4.5 Fibre in LANs
Fibre has been slower to be exploited in LANs than in the core transmission network, for similar reasons to the delay in the use of fibre in the access network, but as the data rate demanded of LANs has increased, the case for using fibre has strengthened.
Although Ethernet specifications (IEEE 802.3 series) have contained standards for the use of fibre backbones for some time, it was with the development of Gigabit Ethernet and 10 Gigabit Ethernet (10 GbE) standards that fibre became the main transmission medium. This section very briefly summarises the use of fibre in these two standards.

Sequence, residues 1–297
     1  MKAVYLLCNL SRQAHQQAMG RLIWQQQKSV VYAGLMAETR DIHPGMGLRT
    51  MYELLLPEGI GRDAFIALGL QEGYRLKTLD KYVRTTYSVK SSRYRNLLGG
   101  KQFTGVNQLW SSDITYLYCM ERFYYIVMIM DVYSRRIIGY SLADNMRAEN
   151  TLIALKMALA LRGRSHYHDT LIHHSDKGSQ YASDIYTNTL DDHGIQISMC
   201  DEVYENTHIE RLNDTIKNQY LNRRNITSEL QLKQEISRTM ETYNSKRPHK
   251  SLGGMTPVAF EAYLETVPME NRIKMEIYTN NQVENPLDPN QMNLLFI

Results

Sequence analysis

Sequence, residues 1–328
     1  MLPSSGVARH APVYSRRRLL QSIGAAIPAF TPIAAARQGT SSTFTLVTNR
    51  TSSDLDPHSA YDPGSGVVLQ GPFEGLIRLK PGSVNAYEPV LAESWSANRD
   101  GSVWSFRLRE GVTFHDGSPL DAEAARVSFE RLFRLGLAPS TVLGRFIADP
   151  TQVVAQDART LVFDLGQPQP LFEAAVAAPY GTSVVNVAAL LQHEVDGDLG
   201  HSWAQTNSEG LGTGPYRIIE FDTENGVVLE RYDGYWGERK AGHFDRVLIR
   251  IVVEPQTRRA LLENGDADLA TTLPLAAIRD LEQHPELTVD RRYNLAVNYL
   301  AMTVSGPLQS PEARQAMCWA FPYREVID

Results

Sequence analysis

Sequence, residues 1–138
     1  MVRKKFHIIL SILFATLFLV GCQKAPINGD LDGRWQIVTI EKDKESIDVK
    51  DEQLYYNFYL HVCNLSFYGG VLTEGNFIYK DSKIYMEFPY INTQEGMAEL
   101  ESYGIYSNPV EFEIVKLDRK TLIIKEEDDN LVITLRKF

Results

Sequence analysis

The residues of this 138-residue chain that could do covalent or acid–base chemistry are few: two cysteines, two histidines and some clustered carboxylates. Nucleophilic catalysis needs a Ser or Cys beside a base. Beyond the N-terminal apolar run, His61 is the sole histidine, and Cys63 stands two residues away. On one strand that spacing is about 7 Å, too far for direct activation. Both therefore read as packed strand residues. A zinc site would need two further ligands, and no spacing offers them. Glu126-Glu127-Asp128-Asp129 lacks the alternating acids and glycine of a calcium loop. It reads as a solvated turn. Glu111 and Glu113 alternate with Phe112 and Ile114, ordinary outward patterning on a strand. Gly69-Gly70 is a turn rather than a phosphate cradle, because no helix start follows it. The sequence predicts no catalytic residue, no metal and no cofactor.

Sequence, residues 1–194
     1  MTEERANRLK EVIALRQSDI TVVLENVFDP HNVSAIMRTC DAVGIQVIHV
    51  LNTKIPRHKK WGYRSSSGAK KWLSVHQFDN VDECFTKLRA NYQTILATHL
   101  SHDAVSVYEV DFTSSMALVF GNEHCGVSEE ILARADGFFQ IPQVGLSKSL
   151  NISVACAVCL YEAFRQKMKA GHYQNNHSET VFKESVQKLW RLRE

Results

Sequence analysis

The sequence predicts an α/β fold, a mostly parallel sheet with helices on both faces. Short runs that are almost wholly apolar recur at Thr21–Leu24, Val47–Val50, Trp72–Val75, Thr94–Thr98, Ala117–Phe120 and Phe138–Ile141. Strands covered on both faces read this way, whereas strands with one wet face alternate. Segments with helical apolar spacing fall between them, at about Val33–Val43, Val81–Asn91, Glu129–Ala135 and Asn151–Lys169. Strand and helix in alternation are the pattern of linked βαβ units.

In this context 1300 nm is ‘long’ – because it is longer than 800 nm. In other contexts ‘long’ means wavelengths in the 1550 nm window in contrast to the ‘short’ 1300 nm window. And you have already met references to S-band, C-band and L-band, where ‘long’ means 1565–1625 nm and ‘short’ means 1460–1530 nm. It just goes to show that you have to be very careful with terms like long and short.